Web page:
PUP leader Dawn Purvis wants to move the debate on from loyalist decommissioning. But John de Chastelain has his verdict to deliver first, writes Brian Rowan
Dawn Purvis, leader of the PUP, at the UVF and RHC command staff press conference where they said weapons would be be put beyond use. Below: decommissioning supremo General John de Chastelain who has witnessed the process taking place
When General John de Chastelain of the Independent International Commission on Decommissioning arrives in town next Monday the Stormont politician Dawn Purvis believes it could be a liberating moment for the loyalist community.
She hopes that community will no longer be a prisoner because of the question of paramilitary guns — there will now be an opportunity to discuss and debate other important matters.
“When you complained about housing, education, a lack of investment, you were asked: what about the guns?”
The leader of the Progressive Unionist Party is describing the political battle to be heard on any issue other than decommissioning.
“Now it’s time for the loyalist community to move on,” she said — the loyalist community and others, she means.
“I expect and I hope that General de Chastelain will confirm exactly what both the UVF and Red Hand Commando stated: that they have completely decommissioned and the significance of that cannot be underestimated,” she said.
“The act of decommissioning opens up opportunities for the loyalist community. I think it is a liberating event.”
Attention will now switch to the report and the words of the Independent International Commission on Decommissioning.
The UVF and the Red Hand Commando have already had their say.
In a joint statement on June 27 they said they had “completed the process of rendering ordnance totally and irreversibly beyond use”.
The commission later said that the UVF and Red Hand leaderships had advised the commission that the weapons put beyond use represented “all the arms under their control”.
Has decommissioning really been that complete?
Some loyalists will tell you that the UVF and Red Hand are “nodding and winking” to their own people — the hint being that not all arms have been given to the process of decommissioning.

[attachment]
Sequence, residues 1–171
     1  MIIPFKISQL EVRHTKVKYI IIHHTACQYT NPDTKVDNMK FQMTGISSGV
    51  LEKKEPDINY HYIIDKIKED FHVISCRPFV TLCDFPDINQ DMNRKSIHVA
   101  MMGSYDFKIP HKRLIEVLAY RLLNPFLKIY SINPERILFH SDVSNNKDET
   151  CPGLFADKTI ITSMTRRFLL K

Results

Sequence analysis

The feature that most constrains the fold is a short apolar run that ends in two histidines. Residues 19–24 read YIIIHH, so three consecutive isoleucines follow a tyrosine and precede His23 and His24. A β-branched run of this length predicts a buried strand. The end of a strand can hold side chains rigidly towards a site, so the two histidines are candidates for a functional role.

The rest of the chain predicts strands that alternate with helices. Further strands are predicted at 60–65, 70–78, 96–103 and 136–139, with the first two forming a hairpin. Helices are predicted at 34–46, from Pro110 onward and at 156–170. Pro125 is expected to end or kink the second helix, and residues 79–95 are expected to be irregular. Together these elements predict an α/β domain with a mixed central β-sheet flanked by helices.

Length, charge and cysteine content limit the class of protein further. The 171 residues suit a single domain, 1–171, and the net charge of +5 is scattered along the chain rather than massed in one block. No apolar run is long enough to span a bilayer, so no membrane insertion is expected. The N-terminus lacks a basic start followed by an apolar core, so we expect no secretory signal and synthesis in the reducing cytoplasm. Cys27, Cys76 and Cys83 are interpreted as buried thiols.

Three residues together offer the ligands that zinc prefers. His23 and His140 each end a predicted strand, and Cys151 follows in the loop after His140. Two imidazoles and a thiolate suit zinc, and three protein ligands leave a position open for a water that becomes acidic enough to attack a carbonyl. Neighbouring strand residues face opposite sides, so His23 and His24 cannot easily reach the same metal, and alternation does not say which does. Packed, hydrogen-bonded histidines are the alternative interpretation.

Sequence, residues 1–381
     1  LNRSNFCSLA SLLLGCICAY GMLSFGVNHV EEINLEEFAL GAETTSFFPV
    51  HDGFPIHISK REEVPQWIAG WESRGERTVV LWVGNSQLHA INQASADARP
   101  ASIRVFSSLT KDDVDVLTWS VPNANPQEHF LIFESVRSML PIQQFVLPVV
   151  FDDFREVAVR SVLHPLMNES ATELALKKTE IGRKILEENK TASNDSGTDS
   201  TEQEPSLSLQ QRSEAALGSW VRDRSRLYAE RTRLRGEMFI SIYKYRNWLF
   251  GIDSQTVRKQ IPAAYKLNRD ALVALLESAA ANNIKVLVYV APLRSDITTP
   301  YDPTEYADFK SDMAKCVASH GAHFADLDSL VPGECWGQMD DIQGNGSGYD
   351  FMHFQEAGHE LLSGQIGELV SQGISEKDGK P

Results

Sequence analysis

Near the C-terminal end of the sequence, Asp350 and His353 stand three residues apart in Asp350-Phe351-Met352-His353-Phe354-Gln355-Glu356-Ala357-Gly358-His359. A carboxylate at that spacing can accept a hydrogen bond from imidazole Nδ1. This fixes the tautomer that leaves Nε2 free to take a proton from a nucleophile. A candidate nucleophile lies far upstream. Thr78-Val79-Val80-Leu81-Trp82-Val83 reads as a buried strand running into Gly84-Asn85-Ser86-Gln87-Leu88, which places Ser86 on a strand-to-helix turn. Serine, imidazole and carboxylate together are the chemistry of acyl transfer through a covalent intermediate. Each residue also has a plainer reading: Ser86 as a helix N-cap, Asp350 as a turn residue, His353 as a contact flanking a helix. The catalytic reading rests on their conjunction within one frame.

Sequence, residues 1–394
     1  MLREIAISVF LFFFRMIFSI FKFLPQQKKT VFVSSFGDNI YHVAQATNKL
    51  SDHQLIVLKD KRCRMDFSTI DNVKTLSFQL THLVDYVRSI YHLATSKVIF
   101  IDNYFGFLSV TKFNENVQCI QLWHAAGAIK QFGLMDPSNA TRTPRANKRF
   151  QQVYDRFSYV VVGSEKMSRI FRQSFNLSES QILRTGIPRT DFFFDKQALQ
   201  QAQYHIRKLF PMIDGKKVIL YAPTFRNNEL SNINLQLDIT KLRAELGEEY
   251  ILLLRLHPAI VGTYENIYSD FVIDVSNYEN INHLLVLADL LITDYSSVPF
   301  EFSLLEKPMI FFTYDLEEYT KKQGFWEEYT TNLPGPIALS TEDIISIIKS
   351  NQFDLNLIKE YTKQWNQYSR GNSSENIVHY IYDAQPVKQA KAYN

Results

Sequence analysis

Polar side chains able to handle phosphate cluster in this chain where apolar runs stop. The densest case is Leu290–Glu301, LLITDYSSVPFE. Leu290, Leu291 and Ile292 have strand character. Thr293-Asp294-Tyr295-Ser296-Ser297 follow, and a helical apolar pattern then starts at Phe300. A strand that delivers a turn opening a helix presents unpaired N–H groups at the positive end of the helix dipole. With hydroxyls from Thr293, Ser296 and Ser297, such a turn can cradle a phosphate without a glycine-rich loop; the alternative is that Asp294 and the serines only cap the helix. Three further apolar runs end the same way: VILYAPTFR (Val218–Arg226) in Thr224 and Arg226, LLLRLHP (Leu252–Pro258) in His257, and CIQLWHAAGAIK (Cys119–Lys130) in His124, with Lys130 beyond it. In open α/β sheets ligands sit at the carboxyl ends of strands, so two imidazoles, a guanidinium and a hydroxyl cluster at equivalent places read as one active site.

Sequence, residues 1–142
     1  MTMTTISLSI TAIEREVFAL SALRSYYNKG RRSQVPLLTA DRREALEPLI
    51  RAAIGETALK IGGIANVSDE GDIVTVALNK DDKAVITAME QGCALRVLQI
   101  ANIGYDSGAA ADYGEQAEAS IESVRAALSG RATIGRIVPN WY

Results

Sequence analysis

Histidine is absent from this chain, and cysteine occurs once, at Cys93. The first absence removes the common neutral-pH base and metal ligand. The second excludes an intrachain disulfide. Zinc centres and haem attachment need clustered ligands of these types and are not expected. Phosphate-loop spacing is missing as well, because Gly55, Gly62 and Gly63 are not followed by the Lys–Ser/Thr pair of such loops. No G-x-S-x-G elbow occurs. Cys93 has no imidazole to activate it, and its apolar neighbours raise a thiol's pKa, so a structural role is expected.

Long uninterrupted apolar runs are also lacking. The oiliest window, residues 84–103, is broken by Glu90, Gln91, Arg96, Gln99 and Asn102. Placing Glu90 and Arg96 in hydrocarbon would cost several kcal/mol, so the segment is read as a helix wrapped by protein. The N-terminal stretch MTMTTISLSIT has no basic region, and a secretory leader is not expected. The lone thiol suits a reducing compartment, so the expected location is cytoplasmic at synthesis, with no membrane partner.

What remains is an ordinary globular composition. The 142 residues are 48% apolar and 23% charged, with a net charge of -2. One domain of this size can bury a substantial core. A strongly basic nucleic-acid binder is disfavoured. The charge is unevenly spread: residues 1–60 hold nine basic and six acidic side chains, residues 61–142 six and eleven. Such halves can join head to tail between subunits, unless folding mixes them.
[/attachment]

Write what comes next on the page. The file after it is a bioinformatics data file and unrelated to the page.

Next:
So, the now imminent IICD report will be read for Gen de Chastelain’s description of events.
He works on a security estimate of the size of the loyalist arsenal.
He and his colleagues will have counted the guns and bullets, weighed the explosives and compared the figures.
And it is his description of the completeness or otherwise of the decommissioning processes involving the UVF and Red Hand Commando that will be taken as the assessment of what has been done and what more if anything still needs to be done.
We know that another of the loyalist groups — the UDA — still has steps to take.
And there is another important assessment to be read — the next report of another of the peace process commissions, the Independent Monitoring Commission.
That is due by the end of October and should include the police and security service assessments of decommissioning.
In late June the UVF and Red Hand Commando gave a context for putting their weapons beyond use: “We have done so to further augment the establishment of accountable democratic governance in this region of the United Kingdom (and) to remove the pretext that loyalist weaponry is an obstacle to the development of our communities.”
There is a chance now that new doors will open for loyalists and a chance for them to be taken seriously inside the peace process, but that depends on a number of things.
It depends on the de Chastelain report — on its detail and description of events so far.
We have not heard from the witnesses who observed the UVF and Red Hand part of decommissioning.
Words from them could help convince people.
It also depends on the next report from the IMC, which will bring to the discussion the assessments of the PSNI Intelligence Branch and the security service MI5.
What do they know about the extent of loyalist decommissioning and what are they hearing inside that community?
And it depends on the loyalists themselves — will their actions match their words and is the silence of the guns now guaranteed?
All of this will take a little more time to assess.